TODAY, SCHMIDT AND RUSSELL feel as if they’re doing the same thing: replacing regressive country stereotypes of white Republican cowboys with new characters and calamities. It’s raw stuff, akin to the driving, pulsating tunes of country music outlaws like Merle Haggard, Waylon Jennings and George Jones—“good” country music, the stuff you don’t hear on the radio. As a result, the band has been ascribed the unfortunate moniker given to anyone outside of New Country’s comfy fold: “alt country.”
“We sent a copy of our CD to a country station but never heard back,” says Schmidt, referring to the Polaris Prize–nominated Forest of Tears long-player. “Evasive songs that don’t touch on modern-day realities sung by people pretending to be from the country don’t reflect Canada,” she adds. Schmidt makes no qualms about being a country band from the city. After all, a train song is still a train song, whether it’s about the rural rails or the Toronto Transit Commission.
But while it’s tempting to define “country” and “folk” according to their fans (conservative, country; progressive, folk), it’s too wide a swath, says Cristall. “I remember getting into huge arguments with Stan Rogers,” he says. “Everybody remembers Rogers’ Maritime ballads”—“Watching the Apples Grow” and the Terry Fox–inspired “Turnaround”—“but really, he was this very conservative, protestant Orangeman. He called me the day after the Quebec Referendum, gloating, ‘We won, boy!’” Still, admits Cristall, “There’s certainly a corporate, right-wing element to contemporary folk music.”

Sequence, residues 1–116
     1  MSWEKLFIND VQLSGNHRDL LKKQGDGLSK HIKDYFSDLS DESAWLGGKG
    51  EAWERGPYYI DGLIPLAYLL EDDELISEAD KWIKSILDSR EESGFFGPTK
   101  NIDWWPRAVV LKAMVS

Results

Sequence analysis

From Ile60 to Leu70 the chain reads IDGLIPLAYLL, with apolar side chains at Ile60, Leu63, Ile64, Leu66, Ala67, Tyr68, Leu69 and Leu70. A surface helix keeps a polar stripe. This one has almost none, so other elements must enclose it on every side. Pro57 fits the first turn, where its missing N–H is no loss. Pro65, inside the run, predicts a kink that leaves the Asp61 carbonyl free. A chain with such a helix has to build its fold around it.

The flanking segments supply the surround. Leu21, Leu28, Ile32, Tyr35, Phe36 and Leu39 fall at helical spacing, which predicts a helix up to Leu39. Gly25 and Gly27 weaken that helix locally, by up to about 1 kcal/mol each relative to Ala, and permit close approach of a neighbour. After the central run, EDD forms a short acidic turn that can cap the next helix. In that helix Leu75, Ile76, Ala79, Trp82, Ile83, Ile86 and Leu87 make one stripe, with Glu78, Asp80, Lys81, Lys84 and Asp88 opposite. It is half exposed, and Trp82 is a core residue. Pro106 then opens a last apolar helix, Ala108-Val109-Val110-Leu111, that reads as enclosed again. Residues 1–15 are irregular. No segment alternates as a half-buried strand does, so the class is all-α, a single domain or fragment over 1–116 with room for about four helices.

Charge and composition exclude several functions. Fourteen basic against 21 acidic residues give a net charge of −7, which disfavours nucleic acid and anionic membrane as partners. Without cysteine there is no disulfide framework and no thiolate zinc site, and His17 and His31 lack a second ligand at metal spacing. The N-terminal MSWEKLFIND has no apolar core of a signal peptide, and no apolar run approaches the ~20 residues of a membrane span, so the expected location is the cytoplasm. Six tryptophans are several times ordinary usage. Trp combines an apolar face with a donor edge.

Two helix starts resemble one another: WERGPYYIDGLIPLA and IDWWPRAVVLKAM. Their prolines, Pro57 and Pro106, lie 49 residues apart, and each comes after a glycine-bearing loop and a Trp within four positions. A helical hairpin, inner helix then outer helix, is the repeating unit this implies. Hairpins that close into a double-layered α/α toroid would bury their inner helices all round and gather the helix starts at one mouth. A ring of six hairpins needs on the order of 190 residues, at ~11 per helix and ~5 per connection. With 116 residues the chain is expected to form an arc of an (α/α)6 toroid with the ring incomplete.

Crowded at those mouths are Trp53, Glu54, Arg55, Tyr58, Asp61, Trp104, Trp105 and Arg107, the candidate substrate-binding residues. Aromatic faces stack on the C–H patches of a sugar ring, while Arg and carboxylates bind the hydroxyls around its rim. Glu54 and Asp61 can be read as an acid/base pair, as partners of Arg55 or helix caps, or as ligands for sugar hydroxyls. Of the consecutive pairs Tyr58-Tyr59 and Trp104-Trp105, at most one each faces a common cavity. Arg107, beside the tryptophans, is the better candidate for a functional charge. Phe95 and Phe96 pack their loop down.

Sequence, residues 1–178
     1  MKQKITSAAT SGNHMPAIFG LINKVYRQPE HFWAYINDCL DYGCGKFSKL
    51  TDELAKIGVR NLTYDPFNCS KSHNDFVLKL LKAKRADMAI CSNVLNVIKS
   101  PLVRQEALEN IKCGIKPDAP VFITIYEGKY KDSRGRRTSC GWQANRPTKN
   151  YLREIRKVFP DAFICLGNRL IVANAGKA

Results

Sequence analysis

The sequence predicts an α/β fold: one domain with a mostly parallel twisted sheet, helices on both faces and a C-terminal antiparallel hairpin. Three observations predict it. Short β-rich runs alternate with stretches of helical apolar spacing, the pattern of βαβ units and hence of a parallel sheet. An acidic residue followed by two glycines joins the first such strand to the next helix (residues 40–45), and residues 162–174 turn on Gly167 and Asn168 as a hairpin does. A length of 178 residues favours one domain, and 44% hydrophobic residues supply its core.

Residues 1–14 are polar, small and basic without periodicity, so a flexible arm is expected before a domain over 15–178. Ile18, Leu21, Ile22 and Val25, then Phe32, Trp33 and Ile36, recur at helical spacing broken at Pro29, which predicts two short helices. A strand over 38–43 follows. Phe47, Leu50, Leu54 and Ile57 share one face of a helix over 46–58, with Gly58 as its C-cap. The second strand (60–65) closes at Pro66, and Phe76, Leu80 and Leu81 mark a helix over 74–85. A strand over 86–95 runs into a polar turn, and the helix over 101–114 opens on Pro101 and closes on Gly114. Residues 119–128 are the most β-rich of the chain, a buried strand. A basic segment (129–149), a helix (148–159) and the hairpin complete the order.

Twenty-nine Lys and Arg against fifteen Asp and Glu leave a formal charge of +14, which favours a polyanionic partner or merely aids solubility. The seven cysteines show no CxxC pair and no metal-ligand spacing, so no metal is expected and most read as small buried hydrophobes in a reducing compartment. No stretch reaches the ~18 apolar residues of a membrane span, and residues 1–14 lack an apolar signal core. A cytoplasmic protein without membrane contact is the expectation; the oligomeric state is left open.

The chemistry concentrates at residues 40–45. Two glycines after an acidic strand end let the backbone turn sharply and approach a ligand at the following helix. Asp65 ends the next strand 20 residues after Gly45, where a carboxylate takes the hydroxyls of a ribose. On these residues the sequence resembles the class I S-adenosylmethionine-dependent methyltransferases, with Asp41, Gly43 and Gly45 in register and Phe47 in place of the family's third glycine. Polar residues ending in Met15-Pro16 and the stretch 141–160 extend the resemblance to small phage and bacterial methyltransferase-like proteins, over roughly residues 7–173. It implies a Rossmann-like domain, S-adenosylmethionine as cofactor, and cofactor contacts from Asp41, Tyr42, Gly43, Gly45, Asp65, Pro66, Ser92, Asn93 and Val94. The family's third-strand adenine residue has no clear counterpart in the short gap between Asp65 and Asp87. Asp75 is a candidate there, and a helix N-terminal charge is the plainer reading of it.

At this year’s Vancouver Folk Festival, for example, a beer tent was erected for the first time, something Cristall wouldn’t have allowed during his tenure. “There were cops in uniform and a few drunks, but it didn’t ruin it.” More importantly, he says, political music was still performed, like Vancouver folkie Geoff Berner’s unofficial Olympic theme song, “The Dead Children Are Worth It.” (After Vancouver’s Olympic bid was accepted, the province cut back funding for the department that looked into deaths of children in care.)
But for every Berner and One Hundred Dollars, there are twenty New Country darlings singing “Hey, y’all!” and trading quips about how “tequila makes her clothes come off.”
“I heard a country song today about going to Mexico on vacation,” says Schmidt. Performed by Beverly Hills–based Zac Brown Band, the single, “Toes,” was a summertime hit on country radio. The song, a tale of all-inclusive resort vacations, talks about “throwing pesos their way” in a sort of modern-day tale of the imperialist-tourist. “He had to leave,” Schmidt says, “because the señoritas didn’t like him.”
(Illustration by Byron Eggenschwiler.)